February 19, 2023
On this day in 1942, President Franklin Delano Roosevelt signed Executive Order 9066, commanding the military “to prescribe military areas in such places and of such extent… from which any or all persons may be excluded.” The term “persons” was never defined as a specific group, but Executive Order 9066 was only applied to Americans of Japanese ancestry. The resulting Exclusion Zone where Japanese Americans could not live cut across the West Coast and down through Arizona. This forced over 120,000 people to leave their homes and livelihoods to become prisoners.
81 years later, we observe this Day of Remembrance to honor those who were imprisoned. Over 30,000 of these Americans of Japanese ancestry lived in two incarceration camps in Arizona called Poston and Gila River. Despite their imprisonment, Japanese Americans found ways to create joy and pass the time. Some made art, like Kakunen Tsuroka. Using shoe polish as paint, he depicted scenes of his incarceration in Camp III at Poston on a curtain. Other prisoners crafted, like Helen Miyamoto, who crocheted and engraved a wave-patterned bag while imprisoned at Gila River. And many other incarcerated Japanese Americans found joy in baseball. For players, coaches, and audience members alike, from the Father of Japanese American baseball Kenichi Zenimura to future professional Satoshi “Fibber” Hirayama, “America’s Pastime” was a means of enduring and escaping their imprisonment.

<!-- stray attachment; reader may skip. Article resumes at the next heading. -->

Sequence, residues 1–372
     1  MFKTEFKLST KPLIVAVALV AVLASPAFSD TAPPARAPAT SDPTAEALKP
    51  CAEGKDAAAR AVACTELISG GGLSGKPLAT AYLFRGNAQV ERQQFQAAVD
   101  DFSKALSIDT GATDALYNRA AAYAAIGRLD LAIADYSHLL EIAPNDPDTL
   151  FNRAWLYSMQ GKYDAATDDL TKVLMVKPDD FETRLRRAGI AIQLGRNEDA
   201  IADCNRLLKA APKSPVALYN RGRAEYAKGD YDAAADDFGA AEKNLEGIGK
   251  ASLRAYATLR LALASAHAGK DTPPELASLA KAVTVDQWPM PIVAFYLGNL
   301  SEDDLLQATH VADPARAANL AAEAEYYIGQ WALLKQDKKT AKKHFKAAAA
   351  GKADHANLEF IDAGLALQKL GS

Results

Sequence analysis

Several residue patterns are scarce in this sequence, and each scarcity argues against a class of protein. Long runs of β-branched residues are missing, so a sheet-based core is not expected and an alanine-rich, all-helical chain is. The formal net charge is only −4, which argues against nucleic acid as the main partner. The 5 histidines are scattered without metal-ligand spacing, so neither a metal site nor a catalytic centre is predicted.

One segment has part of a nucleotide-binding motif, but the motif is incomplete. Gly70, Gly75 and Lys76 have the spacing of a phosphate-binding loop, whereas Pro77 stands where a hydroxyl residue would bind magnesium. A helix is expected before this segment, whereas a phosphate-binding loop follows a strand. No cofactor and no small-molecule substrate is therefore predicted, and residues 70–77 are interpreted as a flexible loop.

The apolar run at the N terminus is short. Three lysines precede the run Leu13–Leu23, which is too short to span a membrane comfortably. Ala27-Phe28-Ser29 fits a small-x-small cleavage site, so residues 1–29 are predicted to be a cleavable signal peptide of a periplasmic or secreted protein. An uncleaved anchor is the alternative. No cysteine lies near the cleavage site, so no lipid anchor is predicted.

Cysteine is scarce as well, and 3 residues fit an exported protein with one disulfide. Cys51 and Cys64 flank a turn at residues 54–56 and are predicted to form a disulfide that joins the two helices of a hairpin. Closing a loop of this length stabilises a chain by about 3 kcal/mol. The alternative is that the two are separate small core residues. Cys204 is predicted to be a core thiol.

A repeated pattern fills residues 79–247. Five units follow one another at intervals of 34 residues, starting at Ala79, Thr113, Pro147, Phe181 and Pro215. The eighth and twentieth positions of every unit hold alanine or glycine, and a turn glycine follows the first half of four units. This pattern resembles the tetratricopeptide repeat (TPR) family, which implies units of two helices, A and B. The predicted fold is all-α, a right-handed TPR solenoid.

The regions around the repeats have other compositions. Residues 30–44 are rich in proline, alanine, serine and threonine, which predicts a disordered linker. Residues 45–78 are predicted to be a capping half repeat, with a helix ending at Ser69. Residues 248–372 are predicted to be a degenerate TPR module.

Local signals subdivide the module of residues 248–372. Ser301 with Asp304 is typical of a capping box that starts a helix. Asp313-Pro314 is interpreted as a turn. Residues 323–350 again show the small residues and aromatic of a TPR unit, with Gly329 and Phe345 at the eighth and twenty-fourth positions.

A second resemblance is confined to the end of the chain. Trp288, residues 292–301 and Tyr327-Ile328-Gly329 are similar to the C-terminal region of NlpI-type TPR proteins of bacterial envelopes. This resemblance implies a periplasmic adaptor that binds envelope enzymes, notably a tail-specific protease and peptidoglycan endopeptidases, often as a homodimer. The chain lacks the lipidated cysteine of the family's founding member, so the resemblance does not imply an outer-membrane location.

So today, we remember these individuals and the thousands of other Americans of Japanese ancestry imprisoned during World War II.
These artifacts and many other stories are featured in the new exhibit Rebuilding Home Plate, located at the Arizona Heritage Center and open until May 27, 2023.
Written by: Elizabeth Kapp, AHS Curator